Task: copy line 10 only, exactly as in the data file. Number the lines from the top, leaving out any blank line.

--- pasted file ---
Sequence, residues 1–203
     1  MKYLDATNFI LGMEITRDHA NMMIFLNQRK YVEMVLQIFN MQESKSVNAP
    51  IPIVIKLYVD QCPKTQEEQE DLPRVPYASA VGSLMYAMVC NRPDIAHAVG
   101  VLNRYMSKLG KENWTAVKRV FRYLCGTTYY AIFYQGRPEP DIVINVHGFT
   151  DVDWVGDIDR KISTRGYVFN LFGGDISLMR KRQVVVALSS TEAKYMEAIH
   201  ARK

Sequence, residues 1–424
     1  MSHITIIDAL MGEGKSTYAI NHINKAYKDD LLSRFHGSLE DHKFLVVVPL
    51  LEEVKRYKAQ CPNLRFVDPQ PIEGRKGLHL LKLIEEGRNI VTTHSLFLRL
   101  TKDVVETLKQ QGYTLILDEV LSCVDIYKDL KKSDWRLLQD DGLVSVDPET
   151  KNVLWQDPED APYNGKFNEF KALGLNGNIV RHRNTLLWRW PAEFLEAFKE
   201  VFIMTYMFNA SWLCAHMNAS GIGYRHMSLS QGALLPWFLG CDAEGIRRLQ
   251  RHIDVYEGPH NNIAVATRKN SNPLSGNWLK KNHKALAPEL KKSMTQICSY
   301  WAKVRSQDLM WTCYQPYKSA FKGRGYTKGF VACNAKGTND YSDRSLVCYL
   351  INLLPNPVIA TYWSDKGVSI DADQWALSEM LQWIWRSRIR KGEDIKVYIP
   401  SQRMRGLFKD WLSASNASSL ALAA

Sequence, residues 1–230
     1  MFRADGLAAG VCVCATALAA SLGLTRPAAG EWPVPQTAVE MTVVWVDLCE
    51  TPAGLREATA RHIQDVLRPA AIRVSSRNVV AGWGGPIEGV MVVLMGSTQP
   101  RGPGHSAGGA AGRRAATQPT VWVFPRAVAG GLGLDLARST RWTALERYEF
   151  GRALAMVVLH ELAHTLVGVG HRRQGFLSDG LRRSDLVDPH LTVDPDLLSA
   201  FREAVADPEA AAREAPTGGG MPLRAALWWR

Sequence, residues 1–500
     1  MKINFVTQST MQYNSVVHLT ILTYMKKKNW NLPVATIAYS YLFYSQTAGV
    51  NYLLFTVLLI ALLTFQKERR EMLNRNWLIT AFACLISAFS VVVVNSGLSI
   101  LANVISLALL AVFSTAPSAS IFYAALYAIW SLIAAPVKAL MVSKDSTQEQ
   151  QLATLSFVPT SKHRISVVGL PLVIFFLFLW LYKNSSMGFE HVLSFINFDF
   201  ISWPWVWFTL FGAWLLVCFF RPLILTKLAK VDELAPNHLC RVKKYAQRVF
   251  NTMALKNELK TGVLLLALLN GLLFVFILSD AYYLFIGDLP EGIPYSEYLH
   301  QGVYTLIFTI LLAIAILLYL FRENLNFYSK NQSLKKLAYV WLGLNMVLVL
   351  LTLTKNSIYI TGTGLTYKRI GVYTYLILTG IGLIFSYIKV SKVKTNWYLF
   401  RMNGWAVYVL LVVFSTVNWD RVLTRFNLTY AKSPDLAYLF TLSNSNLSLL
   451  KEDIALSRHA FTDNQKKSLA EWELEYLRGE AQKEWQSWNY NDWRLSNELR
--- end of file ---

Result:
   101  TKDVVETLKQ QGYTLILDEV LSCVDIYKDL KKSDWRLLQD DGLVSVDPET